Chartered accountants (CAs) are lobbying hard to protect a source of income thats at risk of drying up as the Reserve Bank of India (RBI) may allow state-run banks to stop branch audits, a move that could save costs.
File Photo Banks are looking for savings as a slowing economy acts as a dampener on business. Such branch audits are a routine stream of revenue for small firms and individual accountants. RBI governor D. Subbarao told CAs on 16 December that they should not rely on work that doesnt add value.
With concepts like core banking system and centralized record keeping, the relevance of the audit of branches of public sector banks (PSBs) has significantly declined, he told the Institute of Chartered Accountants of India (Icai) in Mumbai. These banks have represented to RBI that the audit of banks branches should be reduced. There is merit in this suggestion, since currently the cost of audit of PSBs is significantly higher than the cost of audit of comparable private sector banks.
Subbarao also acknowledged that Icai has been resisting this because it would mean a reduction in work for its members.
RBI has asked PSBs to reduce branch audits by at least 25% and constituted a working group of bank officials toward this end.
CAs are trying to persuade RBI against imposing such a directive. In late December, they even asked the central bank to allow them to carry out branch audits of private sector banks as well.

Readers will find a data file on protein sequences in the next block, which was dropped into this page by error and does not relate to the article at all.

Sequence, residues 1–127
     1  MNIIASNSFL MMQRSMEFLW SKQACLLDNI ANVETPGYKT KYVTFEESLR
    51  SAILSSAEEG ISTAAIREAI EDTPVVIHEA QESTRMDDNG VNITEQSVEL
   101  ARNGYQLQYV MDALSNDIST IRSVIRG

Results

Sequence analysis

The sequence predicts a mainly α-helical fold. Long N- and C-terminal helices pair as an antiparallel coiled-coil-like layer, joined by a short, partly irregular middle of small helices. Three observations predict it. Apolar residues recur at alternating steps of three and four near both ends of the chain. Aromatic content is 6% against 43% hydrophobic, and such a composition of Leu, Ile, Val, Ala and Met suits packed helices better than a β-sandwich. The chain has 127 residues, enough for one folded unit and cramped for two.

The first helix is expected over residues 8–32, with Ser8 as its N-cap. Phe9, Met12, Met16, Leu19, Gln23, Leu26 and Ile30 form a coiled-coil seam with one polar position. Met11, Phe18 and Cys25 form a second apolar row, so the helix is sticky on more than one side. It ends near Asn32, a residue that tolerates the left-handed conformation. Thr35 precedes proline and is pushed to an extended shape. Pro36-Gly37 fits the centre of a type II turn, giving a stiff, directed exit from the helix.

The Icai central council held an emergency meeting on Wednesday to discuss the matter, said G. Ramaswamy, president of the body. Icai representatives will meet RBI officials on 16 January to make a case for auditing all branches and advances.
Although core banking solutions for public sector banks are sophisticated and technologically sound, there are issues such as maintenance of records, human interventions, etc., which will need auditors involvement, and that is what Icai will represent itself on in the meeting with the working group formed by RBI for this purpose, Ramaswamy said.
Core banking refers to retail and small business customers handled through centralized data centres and, therefore, more automated than earlier.
The move, if implemented, may come as the second blow that Indias 180,000 CAs have faced in the past month.
On 23 December, the finance ministry directed each state-run bank to create a credit approval panel comprising only of bank officials for approving large-value loans, thereby bypassing CAs. Currently, any loan above Rs. 100 crore has to be approved by a management panel, which comprises bank officials, CAs, government?and?RBI?representatives.
So far, all credit proposals that are beyond the sanctioning power of the chairman go to the management committee. We have asked banks to create a level of credit approval committee, which comprises only officials of banks, said a senior finance ministry official, who did not wish to be identified.
An Icai council member who did not want to be identified, said, Icai will make a representation to RBI that in the larger interest of corporate governance, larger number of advances sanctioned by PSBs should be audited. The move to limit branch auditing may keep advances up to several thousand crore rupees out of the ambit of auditing.
Another senior Icai member who did not want to be identified, said, RBI is taking this step in the name of cost saving, but this may trigger frauds and fudging of data. RBI officials were not immediately available for comment.